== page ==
“This is the pilot year; we’re very excited about it, but we’re also open to the flexibility about it,” Saidel said. “We’re open to what change may look like and what serving the needs of both parties — the students and Warner Music Group — will look like, and making sure those needs are met, that they are overlapping and working together. This is the fun part about piloting something. We’re not locked in. It lets the program evolve.”


Contact Rebecca Aydin at raydin ‘at’ stanford.edu.

About Rebecca Aydin

Rebecca Aydin, a writer for the University/Local beat and a senior hailing from NYC, is pursuing a major in English and a minor in Psychology. She has written for the Chicago Tribune and Worldcrunch, a digital news magazine based in Paris. On campus, she is the editor-in-chief of MINT style and culture magazine. This is her fourth year writing for The Stanford Daily. Contact her at raydin ‘at’ stanford.edu.
  • george

    Why can a terrible, soul-less corporation basically sponsor a class/program at Stanford? WMG doesn’t really have any social or artistic merit, and promotes a lot of terrible music and influences.

    Imagine if KFC sponsored a Supply Chain honors group for MS&E undergrads.

  • Jeremy Southgate


  • music lover

    And now for an opposing view: Warner has provided generations with the soundtrack to their lives (Neil Young, Tom Petty, Fleetwood Mac, Joni Mitchell, Madonna, and Prince to name a few). Contemporary artists on WMG include Bruno Mars, Macklemore, new signing Kaskade, and breaking act Echosmith. The Grateful Dead continues to entrust it’s catalogue to WMG. And it’s publishing arm has Jay Z, Beyonce, Katy Perry and Drake among it’s contemporary family of acts.

    It’s fair to criticize dumb decisions by past leadership for sure. But WMG is hardly KFC. Case in point: even though it wasn’t required, the Chairman recently gave Prince his masters back in one of the most artist friendly acts in history. He was also recently honored by the ACLU alongside Elizabeth Warren in a very high profile event for his social contributions. I think the facts speak for themselves here…

  • Jeremy Southgate

    Warner didn’t provide generations with the soundtrack to their lives. Those *individuals* Neil Young, Tom Petty, Fleetwood Mac, Joni Mitchell, etc., did that. And Madonna left Warner for Live Nation. And Joni Mitchell called the music industry “a corrupt cesspool. Record companies are not looking for talent. They’re looking for a look and a willingness to cooperate.” Tom Petty said, “I don’t really see a George Jones or a Buck Owens or any anything that fresh coming up.” Words like “entrust” and “family of acts” and “artist friendly” are hardly attributable to Warner. You know what is? “Full of Shit.” 🙂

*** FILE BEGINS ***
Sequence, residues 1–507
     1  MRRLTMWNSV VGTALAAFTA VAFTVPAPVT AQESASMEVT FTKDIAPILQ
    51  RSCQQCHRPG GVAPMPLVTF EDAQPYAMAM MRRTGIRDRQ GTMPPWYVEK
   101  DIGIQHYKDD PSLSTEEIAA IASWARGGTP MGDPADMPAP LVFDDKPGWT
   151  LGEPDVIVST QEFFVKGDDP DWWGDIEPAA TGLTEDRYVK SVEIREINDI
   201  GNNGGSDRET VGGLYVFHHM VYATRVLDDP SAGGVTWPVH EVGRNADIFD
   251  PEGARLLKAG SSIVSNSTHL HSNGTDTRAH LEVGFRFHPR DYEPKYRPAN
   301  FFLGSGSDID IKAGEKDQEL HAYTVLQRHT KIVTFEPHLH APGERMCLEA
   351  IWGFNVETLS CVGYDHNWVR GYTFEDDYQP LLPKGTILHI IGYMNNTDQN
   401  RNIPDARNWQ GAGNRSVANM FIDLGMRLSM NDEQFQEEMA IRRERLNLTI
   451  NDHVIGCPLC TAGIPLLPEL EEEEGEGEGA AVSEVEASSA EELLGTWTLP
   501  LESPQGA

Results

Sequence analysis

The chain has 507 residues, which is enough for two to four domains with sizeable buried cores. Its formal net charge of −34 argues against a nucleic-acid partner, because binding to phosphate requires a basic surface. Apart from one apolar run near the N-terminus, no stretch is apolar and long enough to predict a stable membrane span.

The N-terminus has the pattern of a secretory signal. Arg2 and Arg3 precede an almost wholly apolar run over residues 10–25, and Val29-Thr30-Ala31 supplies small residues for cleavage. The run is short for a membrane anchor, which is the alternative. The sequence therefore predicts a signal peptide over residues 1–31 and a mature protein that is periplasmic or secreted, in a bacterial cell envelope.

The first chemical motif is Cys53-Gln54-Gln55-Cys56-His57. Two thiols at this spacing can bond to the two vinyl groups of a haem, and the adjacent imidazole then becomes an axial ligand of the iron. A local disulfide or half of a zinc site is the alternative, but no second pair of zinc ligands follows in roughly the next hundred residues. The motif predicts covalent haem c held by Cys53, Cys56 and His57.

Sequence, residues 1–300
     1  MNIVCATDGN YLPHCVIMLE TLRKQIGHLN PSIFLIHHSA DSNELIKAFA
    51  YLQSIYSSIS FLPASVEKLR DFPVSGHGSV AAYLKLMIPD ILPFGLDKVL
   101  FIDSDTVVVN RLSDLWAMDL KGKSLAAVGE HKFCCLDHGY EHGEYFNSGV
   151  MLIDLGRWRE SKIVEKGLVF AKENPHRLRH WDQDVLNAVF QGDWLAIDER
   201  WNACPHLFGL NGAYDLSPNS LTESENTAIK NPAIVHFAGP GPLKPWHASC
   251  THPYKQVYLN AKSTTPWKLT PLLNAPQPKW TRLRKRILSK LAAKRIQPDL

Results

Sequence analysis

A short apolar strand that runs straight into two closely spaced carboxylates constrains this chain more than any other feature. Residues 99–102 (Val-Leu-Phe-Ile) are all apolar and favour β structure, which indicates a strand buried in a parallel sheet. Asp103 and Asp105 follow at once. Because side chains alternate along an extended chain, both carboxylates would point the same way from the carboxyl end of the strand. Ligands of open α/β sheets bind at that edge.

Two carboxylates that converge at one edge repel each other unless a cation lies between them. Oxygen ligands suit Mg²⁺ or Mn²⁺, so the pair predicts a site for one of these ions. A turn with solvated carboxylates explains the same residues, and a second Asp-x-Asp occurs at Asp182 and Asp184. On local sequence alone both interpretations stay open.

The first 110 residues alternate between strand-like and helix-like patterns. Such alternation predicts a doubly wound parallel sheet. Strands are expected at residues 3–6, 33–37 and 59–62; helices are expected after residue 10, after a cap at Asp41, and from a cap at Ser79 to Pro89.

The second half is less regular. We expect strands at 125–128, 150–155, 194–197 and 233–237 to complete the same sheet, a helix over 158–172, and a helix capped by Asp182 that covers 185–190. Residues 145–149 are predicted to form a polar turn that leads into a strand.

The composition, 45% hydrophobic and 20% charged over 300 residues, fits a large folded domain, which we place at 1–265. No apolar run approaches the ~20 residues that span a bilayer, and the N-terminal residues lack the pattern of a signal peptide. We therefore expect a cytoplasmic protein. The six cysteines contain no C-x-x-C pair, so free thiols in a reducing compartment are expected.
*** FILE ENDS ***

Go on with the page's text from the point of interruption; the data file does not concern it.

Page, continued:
• music lover

    Fact: Warner did create the soundtrack for generations, in that it discovered, financed and distributed the material allowing it to reach millions. That’s the beauty of the relationship that was forged with these amazing artists.

    Fact: Madonna did leave Warner after a storied career that spanned decades after being offered a whopping $120 million 360 contract by Live Nation — which included merch and touring — and then proceeded to subcontract back with Warner to have the label distribute her music while Live Nation took care of the rest. With the shifts in the business, this become the reality — Live Nation had the financial power to do such a deal, given the strength of touring, and labels such and Warner did not, given the disruption and shifts in the marketplace.

    Fact: Neil Young, Tom Petty, and Stevie Nicks, not to mention Robert Plant, Prince and Damon Albarn, have all released new material on Warner in the past two years.

    Fact: Joni Mitchell is actively working with Rhino, a Warner company, on an upcoming project.

    More facts: Bruno Mars is signed for publishing and recorded music, and has an amazing career to show for it. Skrillex distributes through the Warner family. Coldplay — a Warner act. And then there’s Kaskade, one of the more forward thinking artists, who recently left Ultra to sign with Warner.